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Head Librarian & Professor
Hannah Matis, Ph.D., Assistant Professor of Church History at Virginia Theological Seminary, recommends the following books as part of the Bishop Payne Library’s monthly series highlighting a faculty member’s “picks”:
Rowan Williams,Why Study the Past?: The Quest for the Historical Church. Grand Rapids, MI: Eerdmans, 2005.
This is a wonderful, wise, and much-needed little book exploring, as the title suggests, why the church needs a knowledge of history and of the past: not as a simplistic advice manual for the present, but to broaden our understanding of the identity of the church throughout time and in social and cultural contexts different from our own.
Michael Ramsey, The Gospel and the Catholic Church. Cambridge, MA: Cowley Publications, 1990.
Originally published in 1936, Ramsey’s classic exploration of the connections between scripture and the early institutional history of the church remains as timely, balanced, and ecumenical as ever.
David Bentley Hart, The Doors of the Sea: Where Was God in the Tsunami?. Grand Rapids, MI: Eerdmans, 2005.
Hart is perhaps most famous as a Christian apologist armed with a distinctly “purple” writing style, but this small work on theodicy remains my favorite work of his to date: passionate but restrained, and steeped in Dostoevsky.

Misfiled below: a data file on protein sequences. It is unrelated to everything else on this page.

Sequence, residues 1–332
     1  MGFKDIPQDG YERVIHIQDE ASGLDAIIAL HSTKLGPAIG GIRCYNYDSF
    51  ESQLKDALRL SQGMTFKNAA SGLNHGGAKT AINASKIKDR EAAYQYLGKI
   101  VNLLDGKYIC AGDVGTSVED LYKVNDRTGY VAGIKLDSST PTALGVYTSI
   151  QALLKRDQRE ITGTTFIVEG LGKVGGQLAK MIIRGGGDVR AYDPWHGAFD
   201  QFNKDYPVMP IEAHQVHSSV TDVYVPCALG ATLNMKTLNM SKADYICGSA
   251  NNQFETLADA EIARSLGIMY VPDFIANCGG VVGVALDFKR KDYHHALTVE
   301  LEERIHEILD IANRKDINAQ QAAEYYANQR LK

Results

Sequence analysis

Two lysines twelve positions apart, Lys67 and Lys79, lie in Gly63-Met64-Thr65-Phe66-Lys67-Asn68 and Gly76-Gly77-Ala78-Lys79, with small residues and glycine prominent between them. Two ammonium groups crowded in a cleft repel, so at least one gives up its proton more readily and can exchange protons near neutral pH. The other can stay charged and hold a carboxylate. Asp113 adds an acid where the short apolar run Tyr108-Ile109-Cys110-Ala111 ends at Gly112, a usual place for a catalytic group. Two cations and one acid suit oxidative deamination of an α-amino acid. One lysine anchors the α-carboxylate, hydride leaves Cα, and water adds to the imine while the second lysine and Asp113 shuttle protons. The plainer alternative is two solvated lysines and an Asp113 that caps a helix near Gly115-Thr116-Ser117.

G. Willow Wilson, The Butterfly Mosque: A Young American Woman’s Journey to Love and Islam. New York: Atlantic Monthly Press, 2010.
This is a ferociously intelligent and spiritually serious memoir that deliberately sets out to subvert American expectations of and prejudices against Muslims. Willow Wilson, also the author of a wonderful fantasy/science fiction novel, Alif the Unseen, set in the world of the Arab spring, here describes her conversion experience from atheism to Islam, but also of her marriage to an Egyptian and the cultural paradigm shift that that entailed.
Spencer Reece, The Road to Emmaus: Poems. New York: Farrar, Straus and Giroux, 2014.
A poet and an Episcopal priest, this is the second collection of poems from Spencer Reece after The Clerk’s Tale. As the title suggests, these poems chronicle a series of brief, fleeting moments of love and tenderness amidst great suffering.
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Just a reminder that Alums retain borrowing privileges with the Bishop Payne Library and can request these as well others in the catalog be sent at no cost. Alums do pay the shipping costs for the books’ return.